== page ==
Wednesday, May 26, 2010


Ever wonder how float planes get around on dry land?

Well, I'm going to tell you anyways.

They use a piece of equipment called " Beaching Gear ".

Essentially a hydraulic lift mounted off the front end of some sort of vehicel so the float plane can be picked up from underneath, down on the boat ramp, lifted into the air and driven around.

Mechanics tend to like working in dry hangars, where all their tools are and they don't have to contort like gymnasts to balance on and work under, a float plane bobbing around at the dock.

We had some fun with that last summer when the Otter went through an engine change and a "splitting " of its radial engine, right at the dock.

Since the aircraft was not flyable, and we had no ramp nor beaching gear to take it out of the water, the entire operation was done at the dock. We did the best we could, with a large plywood maintenance platform placed between the two floats and under the engine and it worked fairly well. But.... theres a lot of oil that comes out of a radial engine when you open it up. So, we strung plastic sheeting up underneath the aircraft as well. Very handy to collect spilt oil and dropped bolts.

The first time we did it, sans plastic, we ended up with a small slick and yours truly had to go diving for parts and tools dropped into the lake at least three or four times.

I am considering heading down to the gulf of mexico and showing those bozo's what I can accomplish with little more than a container of Sunlight dish soap on shore-encroaching oil slicks, but I bet they will figure it out eventually themselves.

In any case... Near where I work is a few different maintenance outfits that do a lot of their work on seaplanes. All of them have at least one set of beaching gear. Its kind of neat some of the vehicles they have mated the lifting apparatus to. Theres at least one Camaro, an Oldsmobile Toronado and a couple other oddball cars as well. Standard practice uses an old half-ton truck that is getting long in the tooth, but its neat to see the creativity of the mechanics.

A while back, I witnessed a beaching incident gone wrong.

The beaching gear is usually placed under the seaplanes " spreader bars ". Horizontal bars that hold the two floats apart and provide lateral strength and stability. The spreader bars are fairly lightweight material ( like a lot of aviation-y things ) but get their strenght in the direction that it is required, by their shape. Like a cardboard tube, very strong if its on end, but can be folded with ease if force is used against it sideways.

Where the lifting platform of the beaching gear pushes against the spreader bars is usually OK, as they lift at the very edges, where the spreader bar attaches to the float itself. At this point, there is an inner piece which reinforces the tube, as well as giving something that you can bolt through the spreader bar onto, to actually attach it.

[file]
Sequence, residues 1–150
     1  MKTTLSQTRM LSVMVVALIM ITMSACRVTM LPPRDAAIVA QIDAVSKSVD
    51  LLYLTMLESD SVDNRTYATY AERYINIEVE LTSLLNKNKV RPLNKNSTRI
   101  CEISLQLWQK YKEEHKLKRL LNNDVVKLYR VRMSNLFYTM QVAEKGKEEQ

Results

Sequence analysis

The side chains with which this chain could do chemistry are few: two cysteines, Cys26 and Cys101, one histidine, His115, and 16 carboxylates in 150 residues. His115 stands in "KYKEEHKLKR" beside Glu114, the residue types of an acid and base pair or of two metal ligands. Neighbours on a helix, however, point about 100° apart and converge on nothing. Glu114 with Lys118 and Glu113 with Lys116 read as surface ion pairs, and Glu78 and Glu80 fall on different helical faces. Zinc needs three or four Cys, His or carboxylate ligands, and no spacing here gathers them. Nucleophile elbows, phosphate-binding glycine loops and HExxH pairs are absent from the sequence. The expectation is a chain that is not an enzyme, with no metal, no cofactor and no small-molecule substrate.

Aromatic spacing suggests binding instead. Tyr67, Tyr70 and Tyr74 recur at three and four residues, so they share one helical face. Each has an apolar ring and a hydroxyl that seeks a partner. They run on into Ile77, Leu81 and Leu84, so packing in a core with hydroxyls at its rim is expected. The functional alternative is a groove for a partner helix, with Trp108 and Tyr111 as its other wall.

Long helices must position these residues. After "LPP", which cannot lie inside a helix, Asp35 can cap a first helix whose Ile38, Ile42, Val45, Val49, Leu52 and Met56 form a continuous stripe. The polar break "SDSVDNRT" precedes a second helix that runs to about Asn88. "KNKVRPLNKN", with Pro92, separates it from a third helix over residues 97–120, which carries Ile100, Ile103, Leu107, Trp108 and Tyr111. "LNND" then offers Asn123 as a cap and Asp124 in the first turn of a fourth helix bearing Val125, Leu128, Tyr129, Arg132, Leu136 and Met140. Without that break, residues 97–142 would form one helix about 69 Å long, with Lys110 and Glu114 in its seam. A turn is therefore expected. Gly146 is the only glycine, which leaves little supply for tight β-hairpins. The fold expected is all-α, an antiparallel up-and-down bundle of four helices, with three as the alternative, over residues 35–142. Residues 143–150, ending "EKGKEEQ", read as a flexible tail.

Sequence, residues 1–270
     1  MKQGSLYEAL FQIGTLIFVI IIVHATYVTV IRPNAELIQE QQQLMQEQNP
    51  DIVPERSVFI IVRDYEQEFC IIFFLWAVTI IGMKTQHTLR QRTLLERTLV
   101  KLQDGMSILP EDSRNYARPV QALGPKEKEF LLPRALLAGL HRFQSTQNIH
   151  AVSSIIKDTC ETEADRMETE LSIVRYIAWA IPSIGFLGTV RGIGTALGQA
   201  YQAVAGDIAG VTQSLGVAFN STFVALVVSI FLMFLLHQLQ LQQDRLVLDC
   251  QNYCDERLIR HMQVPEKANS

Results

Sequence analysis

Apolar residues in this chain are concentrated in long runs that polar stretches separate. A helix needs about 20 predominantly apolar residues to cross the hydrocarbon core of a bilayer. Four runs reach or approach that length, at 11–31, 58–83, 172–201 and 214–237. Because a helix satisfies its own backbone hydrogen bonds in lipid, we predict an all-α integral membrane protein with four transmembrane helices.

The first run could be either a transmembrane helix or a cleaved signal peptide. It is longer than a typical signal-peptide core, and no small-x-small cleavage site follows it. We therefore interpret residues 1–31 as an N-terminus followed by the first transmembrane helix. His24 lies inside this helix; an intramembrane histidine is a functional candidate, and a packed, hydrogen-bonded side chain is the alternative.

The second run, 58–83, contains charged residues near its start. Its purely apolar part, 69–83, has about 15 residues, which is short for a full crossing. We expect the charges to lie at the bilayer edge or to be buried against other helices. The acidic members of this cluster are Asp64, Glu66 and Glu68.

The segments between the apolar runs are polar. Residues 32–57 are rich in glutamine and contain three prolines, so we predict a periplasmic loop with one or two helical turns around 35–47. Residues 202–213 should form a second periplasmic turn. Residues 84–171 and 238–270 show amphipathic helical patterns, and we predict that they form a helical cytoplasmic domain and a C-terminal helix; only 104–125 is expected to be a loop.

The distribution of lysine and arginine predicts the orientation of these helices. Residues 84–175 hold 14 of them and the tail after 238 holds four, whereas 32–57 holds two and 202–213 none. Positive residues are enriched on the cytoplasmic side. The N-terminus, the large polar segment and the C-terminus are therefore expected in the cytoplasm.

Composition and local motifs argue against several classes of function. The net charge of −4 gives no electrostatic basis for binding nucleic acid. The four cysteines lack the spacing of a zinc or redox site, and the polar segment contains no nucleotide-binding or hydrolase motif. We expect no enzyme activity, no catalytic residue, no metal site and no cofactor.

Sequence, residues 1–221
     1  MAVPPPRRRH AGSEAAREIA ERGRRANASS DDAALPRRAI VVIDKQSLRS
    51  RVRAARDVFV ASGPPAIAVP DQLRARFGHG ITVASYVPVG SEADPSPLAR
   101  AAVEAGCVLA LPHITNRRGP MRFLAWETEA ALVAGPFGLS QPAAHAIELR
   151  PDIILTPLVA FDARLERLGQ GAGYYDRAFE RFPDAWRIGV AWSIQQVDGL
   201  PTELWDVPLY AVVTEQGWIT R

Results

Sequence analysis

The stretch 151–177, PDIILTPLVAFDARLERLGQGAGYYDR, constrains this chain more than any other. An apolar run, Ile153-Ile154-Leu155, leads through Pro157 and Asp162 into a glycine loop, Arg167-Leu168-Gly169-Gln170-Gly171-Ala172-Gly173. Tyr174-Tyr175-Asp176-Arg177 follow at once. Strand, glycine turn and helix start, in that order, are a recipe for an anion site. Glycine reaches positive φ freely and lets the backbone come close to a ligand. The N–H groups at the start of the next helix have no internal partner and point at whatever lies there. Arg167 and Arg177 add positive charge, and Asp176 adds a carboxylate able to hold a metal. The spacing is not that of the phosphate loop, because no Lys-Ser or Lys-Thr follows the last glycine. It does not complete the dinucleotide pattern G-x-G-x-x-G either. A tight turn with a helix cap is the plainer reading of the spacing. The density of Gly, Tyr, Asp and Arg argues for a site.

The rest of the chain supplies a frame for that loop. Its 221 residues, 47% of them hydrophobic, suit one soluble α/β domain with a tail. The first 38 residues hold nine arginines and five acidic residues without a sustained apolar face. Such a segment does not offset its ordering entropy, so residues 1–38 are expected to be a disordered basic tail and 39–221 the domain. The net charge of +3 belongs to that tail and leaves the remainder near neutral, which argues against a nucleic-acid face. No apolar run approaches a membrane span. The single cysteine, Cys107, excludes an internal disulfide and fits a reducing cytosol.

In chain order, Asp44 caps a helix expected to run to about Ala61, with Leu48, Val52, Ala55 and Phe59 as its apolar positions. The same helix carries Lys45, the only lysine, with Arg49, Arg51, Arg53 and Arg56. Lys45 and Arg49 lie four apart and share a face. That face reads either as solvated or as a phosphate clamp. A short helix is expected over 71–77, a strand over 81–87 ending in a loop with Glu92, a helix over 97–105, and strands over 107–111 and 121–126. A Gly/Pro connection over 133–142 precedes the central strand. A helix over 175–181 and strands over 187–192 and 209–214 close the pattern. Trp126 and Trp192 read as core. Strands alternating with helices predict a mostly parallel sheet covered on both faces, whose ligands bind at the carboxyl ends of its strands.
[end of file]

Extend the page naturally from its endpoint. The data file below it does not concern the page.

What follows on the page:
Unfortunately, if you don't lift at this point of the spreader bar and instead try to lift from a point further in, where there is no underlying reinforcement inside the tube..... Particularly while bouncing down an old wooden float ramp...bad things can happen.

If you look closely in the background, you can see a Beaching Gear-mobile made out of a Toronado..I think. The bars of the lifting platform project forward of the " car " and are just barely visible...They are blue and about fifteen or twenty feet long.

I know the Toronado was a front-wheel drive car so perhaps that why they used it, as the back half of the vehicle is sacrificed in making it into its new configuration.

Oh, this is the same old wooden float ramp as well, being used by a Supermarine Stranraer of Queen Charlotte Airways back in the fifties ( possibly? )

I love how this airport is full of stuff that has been around forever. Old hangars that have seen dozens of airlines come and go. Sometimes run by the same people, different planes and at other times, same planes, different people...

Until they re-paved it last year, you used to be able to drive over the old hangar door tracks of the Boeing Factory that used to exist here, a long time ago...

On the other side of the field is one of my favorite places to walk. Its technically a " jetty ", a breakwater made from rocks. But... for those in the know, its actually a treated water dicharge pipe which takes treated sewage water and discharges it about 4 kilometres out into the Strait of Georgia. The Lovely Wife and I used to run out here whn we lived nearby. I liked it because the trail which runs on top of the pipe as well as alongside it, is marked every half-kilometre. 4 out and 4 back, but I never ran the whole thing in one go.

Oh, and the fact that it is right under the approach path doesn't hurt for a view either...haha.

One of my favorite aircraft types also came in for a surprise visit the other day too.

This is a "super" DC-3.

It popped in unexpectedly for a movie shoot in a nearby town and spent the night on our ramp before heading out the next day. The guys driving it were extremely gracious in giving me the grand tour.

I think it made it even better that it is a working plane as well, not a gussied up show plane. The back half was crammed with spares, tools and of course, oil. Like any good radial engine aircraft, its " Check the Fuel and Fill the Oil please! ".

It took me right back to last summer as well as soon as I stepped in the door. All the smells of a working plane

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